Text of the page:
Irish Ambassador to the United States Comes to Speak at Catholic

Ambassador Mulhall spoke with students studying Irish after the evening’s conversation. Courtesy of Irish Network DC

By Abby Anderko ’21

On Wednesday, February 21st, the Irish Ambassador to the United States, Daniel Mulhall, spoke at Columbus School of Law at the Catholic University of America. Hosted in the Slowinski Courtroom, this conversation was moderated by Dean Daniel Attridge of the Columbus School of Law and was attended by approximately 100 students and members of the surrounding D.C. area in the audience.

Throughout his conversation, Mulhall touched on three distinct points about Irish politics today. The first was the “value of the European Union (EU) membership in Ireland” and how Ireland has been transformed through its membership. The second was the peace that was created in Northern Ireland thanks to the Good Friday Agreement and how the agreement needs to be preserved and used to guide negotiations. Finally, Mulhall spoke about his experience in America and the amazing strength and diversity of the Irish American community.

Ambassador Mulhall is Ireland’s 18th ambassador to the United States. Prior to his career in diplomacy, Mulhall graduated from the University College Cork, both undergraduate and graduate school where he specialized in modern Irish history. After school, Mulhall took a job at the Department of Foreign Affairs, introducing him to the field of diplomacy. His first diplomatic locations included New Delhi, Vienna, the EU in Brussels, and Edinburgh, where he was the first Irish Consul General. He has also held positions as the Irish Ambassador to Malaysia from 2001 to 2005, and Germany from 2009 to 2013. As a member of the Department of Foreign Affairs, Mulhall participated in the Irish delegation for the Good Friday Agreement which brought about peace to Northern Ireland.

Ireland has had a strong and difficult history in regard to relations with Great Britain, creating a lot of historical baggage between the two countries. Twenty-six counties in Ireland gained independence from Great Britain in 1922, dividing Ireland into two nations. Northern Ireland remained a part of Great Britain, and the Republic of Ireland was formed out of the freed counties. This freedom came after many bloody conflicts, one of the most notable being the Easter Rising, which occured seven years prior to Ireland’s independence in 1916.

Mulhall spoke about Irish investment in the EU. When Britain joined the EU in 1978, it forced Ireland to join as well because even though it was a free state, Ireland was still dependent on Britain. While it entered as one of the poorest states in Europe, today Ireland is now in the top three wealthiest countries in the EU. Joining the EU completely transformed Ireland as it was no longer dependent on Britain, but was able to branch out and create new relations with other countries in the Union. Due to Ireland’s investment in the EU, questions have been raised on how Brexit, or Britain’s choice to leave the EU, will affect not only the status of the trade among states in Europe, but also trade between Ireland and Northern Ireland.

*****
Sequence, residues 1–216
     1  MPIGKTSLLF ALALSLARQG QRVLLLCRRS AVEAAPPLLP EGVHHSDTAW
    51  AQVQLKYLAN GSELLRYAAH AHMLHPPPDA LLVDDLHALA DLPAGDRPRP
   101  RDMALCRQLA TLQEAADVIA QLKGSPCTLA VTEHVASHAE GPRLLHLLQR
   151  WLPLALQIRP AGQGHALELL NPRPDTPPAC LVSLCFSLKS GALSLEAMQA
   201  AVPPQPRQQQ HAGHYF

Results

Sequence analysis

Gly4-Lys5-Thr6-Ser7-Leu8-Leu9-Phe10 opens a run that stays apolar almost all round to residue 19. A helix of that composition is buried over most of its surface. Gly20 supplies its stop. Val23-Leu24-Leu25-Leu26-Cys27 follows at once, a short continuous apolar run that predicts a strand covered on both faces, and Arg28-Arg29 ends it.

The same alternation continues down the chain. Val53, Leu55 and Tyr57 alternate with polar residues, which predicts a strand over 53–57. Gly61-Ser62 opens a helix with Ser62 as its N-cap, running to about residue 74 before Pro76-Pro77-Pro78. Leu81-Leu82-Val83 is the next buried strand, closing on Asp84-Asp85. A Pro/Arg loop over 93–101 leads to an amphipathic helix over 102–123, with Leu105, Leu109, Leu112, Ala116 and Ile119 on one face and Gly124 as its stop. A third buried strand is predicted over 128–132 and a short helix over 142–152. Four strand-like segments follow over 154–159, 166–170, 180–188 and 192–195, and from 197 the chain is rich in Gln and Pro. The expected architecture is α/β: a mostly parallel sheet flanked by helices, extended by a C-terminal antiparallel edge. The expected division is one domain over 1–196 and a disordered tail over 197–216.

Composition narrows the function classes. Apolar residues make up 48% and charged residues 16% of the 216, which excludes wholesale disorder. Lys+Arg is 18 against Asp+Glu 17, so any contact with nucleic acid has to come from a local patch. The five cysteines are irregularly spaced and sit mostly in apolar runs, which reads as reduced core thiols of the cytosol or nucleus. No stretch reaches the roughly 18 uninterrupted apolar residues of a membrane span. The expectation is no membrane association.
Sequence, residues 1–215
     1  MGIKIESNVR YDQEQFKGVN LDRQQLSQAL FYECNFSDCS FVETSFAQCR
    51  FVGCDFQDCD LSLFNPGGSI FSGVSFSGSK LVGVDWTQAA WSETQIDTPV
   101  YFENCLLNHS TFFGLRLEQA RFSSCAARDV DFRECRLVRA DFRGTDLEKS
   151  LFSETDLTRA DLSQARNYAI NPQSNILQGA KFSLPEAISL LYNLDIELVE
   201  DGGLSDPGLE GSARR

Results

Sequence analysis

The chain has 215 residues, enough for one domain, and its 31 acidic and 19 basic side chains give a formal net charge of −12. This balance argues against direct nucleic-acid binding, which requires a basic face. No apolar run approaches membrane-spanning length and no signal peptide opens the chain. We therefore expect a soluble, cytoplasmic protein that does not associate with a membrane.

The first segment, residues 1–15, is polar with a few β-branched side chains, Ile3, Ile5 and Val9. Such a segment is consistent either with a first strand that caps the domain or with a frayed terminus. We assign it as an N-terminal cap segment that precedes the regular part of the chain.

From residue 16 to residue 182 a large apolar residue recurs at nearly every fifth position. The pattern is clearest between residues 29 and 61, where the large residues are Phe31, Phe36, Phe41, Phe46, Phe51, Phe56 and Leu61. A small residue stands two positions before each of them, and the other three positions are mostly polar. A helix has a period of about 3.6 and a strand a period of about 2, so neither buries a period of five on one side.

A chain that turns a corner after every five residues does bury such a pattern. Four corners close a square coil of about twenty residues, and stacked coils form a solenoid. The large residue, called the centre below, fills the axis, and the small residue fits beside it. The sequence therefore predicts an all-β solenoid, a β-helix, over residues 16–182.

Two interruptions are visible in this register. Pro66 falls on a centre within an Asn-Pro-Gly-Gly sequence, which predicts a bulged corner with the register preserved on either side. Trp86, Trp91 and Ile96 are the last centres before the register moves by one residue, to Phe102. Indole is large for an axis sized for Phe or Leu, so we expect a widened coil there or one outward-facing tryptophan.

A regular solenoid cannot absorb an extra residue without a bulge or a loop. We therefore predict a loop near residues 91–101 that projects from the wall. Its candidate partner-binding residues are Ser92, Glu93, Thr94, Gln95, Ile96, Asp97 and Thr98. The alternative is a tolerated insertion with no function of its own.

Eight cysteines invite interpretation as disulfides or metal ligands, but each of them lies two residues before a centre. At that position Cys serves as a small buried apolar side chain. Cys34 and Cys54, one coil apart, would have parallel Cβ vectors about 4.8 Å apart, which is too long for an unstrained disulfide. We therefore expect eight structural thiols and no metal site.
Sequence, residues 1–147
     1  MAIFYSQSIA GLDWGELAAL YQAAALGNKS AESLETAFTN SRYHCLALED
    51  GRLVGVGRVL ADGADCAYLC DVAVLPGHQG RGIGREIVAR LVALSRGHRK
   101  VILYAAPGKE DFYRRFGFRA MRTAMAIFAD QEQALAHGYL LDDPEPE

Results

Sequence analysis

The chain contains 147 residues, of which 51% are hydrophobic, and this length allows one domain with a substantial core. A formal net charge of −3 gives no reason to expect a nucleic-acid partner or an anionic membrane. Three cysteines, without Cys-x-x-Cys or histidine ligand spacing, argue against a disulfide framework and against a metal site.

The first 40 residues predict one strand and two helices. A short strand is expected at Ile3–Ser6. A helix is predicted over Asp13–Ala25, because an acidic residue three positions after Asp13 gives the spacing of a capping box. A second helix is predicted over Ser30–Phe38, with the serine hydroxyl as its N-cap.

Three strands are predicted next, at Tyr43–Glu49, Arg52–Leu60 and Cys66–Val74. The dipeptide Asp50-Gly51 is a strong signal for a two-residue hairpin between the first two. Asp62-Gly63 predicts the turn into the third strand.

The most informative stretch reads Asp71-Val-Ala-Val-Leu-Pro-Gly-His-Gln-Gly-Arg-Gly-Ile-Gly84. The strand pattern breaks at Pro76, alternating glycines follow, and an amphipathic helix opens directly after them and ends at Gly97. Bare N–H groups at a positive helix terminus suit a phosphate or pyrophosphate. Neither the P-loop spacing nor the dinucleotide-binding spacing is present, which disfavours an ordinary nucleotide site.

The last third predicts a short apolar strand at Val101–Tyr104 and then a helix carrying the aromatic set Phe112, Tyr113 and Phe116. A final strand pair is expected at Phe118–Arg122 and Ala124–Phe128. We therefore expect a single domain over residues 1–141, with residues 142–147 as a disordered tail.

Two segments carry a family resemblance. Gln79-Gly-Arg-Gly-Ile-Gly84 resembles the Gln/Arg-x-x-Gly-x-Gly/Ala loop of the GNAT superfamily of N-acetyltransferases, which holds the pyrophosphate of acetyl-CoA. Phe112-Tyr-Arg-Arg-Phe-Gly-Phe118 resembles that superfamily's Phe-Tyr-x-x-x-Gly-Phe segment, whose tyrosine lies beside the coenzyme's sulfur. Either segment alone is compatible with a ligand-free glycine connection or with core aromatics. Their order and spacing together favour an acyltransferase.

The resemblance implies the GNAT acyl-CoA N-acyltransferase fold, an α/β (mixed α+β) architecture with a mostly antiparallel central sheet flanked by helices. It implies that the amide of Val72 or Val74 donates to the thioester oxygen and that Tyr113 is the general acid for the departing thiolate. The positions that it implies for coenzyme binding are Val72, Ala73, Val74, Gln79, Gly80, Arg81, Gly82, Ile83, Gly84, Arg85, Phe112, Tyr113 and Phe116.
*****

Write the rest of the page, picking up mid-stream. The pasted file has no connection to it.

Between 1973 and 1998, Ireland went through a period of extreme violence leading to a ceasefire in 1998. Peace in Northern Ireland has existed for 20 years now due to the lasting effect of the Good Friday Agreement. This agreement was a ceasefire for all violence in Northern Ireland; it implemented a soft border and allowed for trade and tourism to continue freely. With the impending departure of Britain from the EU, this has created conflict as to whether or not the Good Friday Agreement will be upheld. If Britain does leave the EU, this could create problems as it would mean that a hard border would need to be established separating Northern Ireland from the rest of the country, voiding the Good Friday Agreement. Neither the British nor Irish governments want to overturn the progress that has been made through the Good Friday Agreement, but negotiations must take place to figure a solution to this problem.

One major aspect of the political conflict that is plaguing Northern Ireland today is the debate of whether the Irish language should still be taught and implemented into Irish culture. The nationalist party believes that the language is a “litmus” test of culture. Mulhall, as an Irish speaker himself, is an advocate of the language and of students of the language here in the United States. After his presentation he addressed a group of four 102-level Irish students, wishing them much success in learning their language.

Since being in the United States, Mulhall spoke on how impressed he is with the diversity of American cities and how they are each independent and unique. He also commented on how within these cities there is a great strength in the Irish American community. He stated that no matter how long ago one’s relatives came to America from Ireland, whether it be in the 1800s or more recently, all people of Irish descent have a strong connection to Ireland, both its history and culture.

 This event was put on by the Irish American Law Students Association in partnership with the Irish Network D.C. and the Catholic University of America Program in Irish Studies.

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